Guest post by Chip Bell
Fear is as personal as a fingerprint. I have a daredevil friend whose idea of a fun Saturday afternoon is to ski off the top of a steep mountain after being transported to the peak by a helicopter. The thought of that makes me break out in a cold sweat, and I am a former paratrooper!
What frightens one person is another person’s playground. And, this is especially true in mentoring.
Peter Senge wrote in his groundbreaking book, The Fifth Discipline, “When we see that to learn we must be willing to look foolish, to let another teach us, learning doesn’t always look so good anymore…Only with the support and fellowship of another can we face the dangers of learning meaningful things.”
Most protégés enter a new mentoring relationship with a bit of anxiety. Appreciating the protégé’s angst is an essential first step to creating an atmosphere of trust.
Fear is a barrier to learning.
Fear is far more a liability than an asset where learning is involved. A testing, contentious learning environment may bring out the adrenaline, but it does not bolster aptitude. Fearful learners take few risks, and risk-taking is paramount for learning.
When protégés bring fear into a learning environment, they limit the depth and breadth of their growth. Great mentors are fear hunters. Invite your protégé to hunt fear with you, and together enjoy the bounty of your success.
1. Demonstrate humility. Building a relationship of trust requires the mentor showing humility – sincere compassion, authentic concern and total vulnerability. Humility is crucial in the mentor’s response to a fearful protégé because it communicates, “I am not your enemy.” It begins with creating a connection that demonstrates genuine interest and obvious concern. Use open posture and eye contact. Listen to the protégé and, equally important, look like you are listening. Select a hosting tone. And, model the attitude you would like your protégé to assume.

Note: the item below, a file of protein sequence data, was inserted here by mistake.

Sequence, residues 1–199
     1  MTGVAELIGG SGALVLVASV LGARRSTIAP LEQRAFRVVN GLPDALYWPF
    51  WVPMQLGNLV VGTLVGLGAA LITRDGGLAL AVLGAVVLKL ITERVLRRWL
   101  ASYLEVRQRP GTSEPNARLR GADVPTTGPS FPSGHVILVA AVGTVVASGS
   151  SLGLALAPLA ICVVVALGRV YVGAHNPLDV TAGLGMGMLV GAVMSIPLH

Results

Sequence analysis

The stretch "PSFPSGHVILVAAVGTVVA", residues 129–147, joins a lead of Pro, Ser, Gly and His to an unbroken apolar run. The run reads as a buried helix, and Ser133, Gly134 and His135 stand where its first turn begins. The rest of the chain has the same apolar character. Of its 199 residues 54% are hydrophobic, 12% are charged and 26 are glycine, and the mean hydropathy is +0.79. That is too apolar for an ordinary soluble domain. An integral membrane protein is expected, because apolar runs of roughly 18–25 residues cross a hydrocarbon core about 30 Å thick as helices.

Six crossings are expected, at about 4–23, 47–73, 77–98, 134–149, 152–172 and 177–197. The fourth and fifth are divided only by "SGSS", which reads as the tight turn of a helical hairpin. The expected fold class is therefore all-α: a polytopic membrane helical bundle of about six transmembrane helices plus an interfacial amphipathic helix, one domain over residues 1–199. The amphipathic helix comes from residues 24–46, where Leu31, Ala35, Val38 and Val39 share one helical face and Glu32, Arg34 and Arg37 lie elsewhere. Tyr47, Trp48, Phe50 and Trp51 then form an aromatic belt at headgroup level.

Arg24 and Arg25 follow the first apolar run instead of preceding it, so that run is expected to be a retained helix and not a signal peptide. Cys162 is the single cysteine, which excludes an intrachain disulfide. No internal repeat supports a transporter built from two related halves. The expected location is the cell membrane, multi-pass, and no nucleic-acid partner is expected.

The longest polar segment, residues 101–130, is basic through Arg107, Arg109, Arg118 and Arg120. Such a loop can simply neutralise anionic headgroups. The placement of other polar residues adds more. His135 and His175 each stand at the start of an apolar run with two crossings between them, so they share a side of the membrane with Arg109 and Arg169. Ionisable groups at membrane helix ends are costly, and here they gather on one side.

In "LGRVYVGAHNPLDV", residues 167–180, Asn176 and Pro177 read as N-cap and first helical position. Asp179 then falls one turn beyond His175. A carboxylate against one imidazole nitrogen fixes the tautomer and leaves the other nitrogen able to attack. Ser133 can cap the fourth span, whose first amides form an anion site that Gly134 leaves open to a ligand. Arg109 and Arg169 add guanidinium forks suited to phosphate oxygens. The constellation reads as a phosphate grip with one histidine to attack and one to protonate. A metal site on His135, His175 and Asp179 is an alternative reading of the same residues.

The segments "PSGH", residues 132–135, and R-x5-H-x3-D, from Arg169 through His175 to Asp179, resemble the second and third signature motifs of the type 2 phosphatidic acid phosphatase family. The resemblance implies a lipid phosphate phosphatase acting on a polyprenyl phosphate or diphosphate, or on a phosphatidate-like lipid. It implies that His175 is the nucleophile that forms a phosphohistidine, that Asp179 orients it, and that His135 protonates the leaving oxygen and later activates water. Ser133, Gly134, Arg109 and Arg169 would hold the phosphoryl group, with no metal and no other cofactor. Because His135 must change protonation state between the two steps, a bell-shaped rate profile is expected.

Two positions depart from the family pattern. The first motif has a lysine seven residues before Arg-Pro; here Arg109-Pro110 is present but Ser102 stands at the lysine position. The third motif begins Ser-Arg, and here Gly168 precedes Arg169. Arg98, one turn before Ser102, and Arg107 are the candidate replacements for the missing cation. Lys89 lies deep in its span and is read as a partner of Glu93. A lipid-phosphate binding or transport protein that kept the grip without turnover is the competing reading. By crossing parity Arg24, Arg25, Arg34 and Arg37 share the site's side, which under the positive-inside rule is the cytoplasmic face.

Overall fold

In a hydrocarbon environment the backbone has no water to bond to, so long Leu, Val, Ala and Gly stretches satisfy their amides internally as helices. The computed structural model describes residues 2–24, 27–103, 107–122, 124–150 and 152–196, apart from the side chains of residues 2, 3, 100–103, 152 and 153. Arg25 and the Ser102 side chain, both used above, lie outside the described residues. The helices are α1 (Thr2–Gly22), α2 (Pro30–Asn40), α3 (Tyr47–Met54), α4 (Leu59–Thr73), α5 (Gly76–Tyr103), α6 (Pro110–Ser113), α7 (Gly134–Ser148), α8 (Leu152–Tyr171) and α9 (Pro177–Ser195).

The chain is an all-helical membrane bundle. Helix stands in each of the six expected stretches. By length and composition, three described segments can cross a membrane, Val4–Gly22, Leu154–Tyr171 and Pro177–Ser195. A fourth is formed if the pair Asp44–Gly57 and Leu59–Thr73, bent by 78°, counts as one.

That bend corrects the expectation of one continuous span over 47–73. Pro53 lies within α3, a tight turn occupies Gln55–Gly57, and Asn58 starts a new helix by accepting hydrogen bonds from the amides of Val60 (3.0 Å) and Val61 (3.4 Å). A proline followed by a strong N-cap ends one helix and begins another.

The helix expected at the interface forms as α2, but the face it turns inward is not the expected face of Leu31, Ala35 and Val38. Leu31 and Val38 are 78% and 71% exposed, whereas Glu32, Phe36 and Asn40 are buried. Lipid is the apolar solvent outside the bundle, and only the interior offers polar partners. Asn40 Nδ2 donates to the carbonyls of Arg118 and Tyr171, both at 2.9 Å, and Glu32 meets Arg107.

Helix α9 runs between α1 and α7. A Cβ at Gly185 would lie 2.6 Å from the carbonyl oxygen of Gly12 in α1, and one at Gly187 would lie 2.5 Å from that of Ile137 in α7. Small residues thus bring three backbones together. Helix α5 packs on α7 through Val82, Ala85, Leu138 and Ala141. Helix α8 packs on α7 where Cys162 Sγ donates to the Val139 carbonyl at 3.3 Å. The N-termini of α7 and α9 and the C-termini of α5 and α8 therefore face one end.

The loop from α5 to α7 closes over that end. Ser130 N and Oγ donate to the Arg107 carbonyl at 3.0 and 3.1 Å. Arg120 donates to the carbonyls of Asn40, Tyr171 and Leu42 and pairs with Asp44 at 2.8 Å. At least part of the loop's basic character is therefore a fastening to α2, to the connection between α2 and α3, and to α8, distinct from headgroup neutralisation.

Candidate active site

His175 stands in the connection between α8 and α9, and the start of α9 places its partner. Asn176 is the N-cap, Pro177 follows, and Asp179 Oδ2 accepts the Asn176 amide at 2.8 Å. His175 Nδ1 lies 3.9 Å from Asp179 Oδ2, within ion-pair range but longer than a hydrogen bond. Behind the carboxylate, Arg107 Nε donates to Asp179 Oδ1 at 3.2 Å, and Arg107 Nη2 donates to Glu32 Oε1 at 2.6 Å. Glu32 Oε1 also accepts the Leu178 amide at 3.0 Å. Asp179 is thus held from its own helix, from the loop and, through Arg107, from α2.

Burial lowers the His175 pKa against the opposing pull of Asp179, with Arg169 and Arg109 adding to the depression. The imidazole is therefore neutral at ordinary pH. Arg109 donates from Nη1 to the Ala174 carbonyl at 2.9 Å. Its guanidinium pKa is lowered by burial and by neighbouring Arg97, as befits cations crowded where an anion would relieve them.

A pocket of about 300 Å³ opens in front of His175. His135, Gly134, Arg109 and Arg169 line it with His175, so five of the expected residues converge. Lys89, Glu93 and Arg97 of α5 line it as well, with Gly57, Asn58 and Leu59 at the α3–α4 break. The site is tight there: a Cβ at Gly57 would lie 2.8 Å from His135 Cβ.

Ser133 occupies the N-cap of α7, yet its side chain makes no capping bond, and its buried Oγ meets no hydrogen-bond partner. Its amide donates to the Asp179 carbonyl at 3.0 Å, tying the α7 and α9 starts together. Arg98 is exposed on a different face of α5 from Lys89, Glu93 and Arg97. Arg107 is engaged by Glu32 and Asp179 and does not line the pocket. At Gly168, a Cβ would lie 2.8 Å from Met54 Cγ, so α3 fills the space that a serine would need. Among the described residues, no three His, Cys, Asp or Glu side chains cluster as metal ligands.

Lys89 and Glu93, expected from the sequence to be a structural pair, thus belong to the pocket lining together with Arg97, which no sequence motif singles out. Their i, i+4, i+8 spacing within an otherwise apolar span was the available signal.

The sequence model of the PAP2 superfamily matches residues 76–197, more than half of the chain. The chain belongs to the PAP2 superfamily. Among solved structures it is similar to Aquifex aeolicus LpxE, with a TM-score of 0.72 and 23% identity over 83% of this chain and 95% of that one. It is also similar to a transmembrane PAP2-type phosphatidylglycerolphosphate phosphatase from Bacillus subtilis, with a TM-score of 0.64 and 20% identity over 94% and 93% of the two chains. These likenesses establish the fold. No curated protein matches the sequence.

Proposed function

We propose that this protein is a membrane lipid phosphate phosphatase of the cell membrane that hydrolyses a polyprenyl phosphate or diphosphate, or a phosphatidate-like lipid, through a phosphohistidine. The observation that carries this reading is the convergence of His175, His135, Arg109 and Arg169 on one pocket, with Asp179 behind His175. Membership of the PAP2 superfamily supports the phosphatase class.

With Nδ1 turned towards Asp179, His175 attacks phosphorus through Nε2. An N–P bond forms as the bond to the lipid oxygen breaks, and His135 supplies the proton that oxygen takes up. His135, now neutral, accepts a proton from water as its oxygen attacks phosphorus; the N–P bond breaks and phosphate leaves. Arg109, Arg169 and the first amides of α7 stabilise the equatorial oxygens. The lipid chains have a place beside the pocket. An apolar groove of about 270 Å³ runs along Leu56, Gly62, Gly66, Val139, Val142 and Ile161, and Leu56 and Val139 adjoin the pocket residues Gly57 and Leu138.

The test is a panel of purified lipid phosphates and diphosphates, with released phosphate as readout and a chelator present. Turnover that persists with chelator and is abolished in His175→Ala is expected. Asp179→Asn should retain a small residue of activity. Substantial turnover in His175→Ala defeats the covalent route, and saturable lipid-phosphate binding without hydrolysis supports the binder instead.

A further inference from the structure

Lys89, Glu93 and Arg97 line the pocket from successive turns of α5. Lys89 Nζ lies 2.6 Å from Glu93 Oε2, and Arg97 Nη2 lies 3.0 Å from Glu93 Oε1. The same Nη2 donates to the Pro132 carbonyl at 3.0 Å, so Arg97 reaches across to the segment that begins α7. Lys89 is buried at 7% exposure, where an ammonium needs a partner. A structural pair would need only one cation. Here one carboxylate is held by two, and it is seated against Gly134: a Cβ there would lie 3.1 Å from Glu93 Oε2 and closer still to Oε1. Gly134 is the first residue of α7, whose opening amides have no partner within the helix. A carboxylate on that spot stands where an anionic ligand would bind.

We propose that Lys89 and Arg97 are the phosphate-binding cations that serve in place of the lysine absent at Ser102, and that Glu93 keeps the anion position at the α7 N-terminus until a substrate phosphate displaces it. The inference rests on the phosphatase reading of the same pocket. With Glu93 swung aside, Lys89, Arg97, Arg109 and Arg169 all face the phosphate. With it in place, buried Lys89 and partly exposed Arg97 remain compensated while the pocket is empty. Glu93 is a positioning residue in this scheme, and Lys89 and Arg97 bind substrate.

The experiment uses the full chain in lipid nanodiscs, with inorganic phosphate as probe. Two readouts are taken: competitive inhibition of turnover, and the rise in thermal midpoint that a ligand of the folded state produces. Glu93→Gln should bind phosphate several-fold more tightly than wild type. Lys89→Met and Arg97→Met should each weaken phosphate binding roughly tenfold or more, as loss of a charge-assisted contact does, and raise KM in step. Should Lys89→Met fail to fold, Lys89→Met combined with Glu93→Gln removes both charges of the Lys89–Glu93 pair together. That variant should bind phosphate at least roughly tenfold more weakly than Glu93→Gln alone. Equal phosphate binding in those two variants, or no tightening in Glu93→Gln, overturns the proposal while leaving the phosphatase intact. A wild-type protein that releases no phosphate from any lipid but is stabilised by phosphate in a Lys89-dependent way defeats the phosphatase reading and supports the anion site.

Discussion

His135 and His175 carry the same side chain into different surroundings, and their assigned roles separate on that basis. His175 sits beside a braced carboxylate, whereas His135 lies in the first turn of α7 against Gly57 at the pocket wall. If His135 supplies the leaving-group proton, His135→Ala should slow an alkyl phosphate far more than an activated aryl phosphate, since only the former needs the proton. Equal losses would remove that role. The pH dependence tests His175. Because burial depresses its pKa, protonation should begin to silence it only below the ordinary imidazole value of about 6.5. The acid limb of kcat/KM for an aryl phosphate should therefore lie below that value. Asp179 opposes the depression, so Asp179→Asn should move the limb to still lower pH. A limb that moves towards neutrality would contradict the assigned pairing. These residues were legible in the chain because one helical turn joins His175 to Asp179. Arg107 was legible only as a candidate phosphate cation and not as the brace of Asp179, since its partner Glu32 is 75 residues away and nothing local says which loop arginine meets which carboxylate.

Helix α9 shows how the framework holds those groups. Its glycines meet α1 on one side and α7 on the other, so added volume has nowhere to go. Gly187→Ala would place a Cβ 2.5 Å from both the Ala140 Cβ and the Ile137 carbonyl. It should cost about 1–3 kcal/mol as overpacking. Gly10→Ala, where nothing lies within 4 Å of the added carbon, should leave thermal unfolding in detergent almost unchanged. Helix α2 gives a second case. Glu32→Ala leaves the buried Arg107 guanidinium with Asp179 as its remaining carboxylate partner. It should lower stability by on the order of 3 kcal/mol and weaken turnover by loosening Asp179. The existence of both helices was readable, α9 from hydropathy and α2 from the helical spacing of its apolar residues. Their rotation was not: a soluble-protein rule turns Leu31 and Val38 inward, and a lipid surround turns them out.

2. Be empathetic. Communicate a commitment to kinship and partnering. This says to the protégé that you are like the protégé—not above or below. It means using words that communicate compassion and a desire for a bond. It shows you fully appreciate the impact the fear of the unknown may have on her or him. It is like saying, “I get it! I know just how uncomfortable this is. I am in tune with where you are.” It means listening to learn, not listening to make a point or to correct. Deal with feelings before you deal with facts.
3. Use affirmations. Mentors sometimes approach protégés as though affirmations are rare and expensive gifts to be doled out parsimoniously. Somewhere they heard that too much praise could make a protégé lazy. This is a sad fallacy. William James, the great psychologist-philosopher, said it well: “The deepest craving of humans is the need to be appreciated.” Look for things to compliment; lavish praise with sincerity and enthusiasm.
4. Bolster high self-esteem. This means never buying into a protégé’s low opinion of him or herself. Although this may sound harsh, it can be a powerful gift. This subtle message in the mentor’s attitude will become self-fulfilling, and in time will help the protégé let go of the old self-view and assume a new feeling of worth. Ralph Waldo Emerson wrote, “Treat a man as he is, and he will remain as he is. Treat a man as he could be, and he will become what he should be.” (We are confident Ralph would use “person” if he were still with us!)
Chip R. Bell is a customer loyalty consultant, a renowned keynote speaker and trainer, and the author of several bestselling books. His newest book (with Marshall Goldsmith) Managers as Mentors is available at Amazon. He can be reached at www.managersasmentors.com.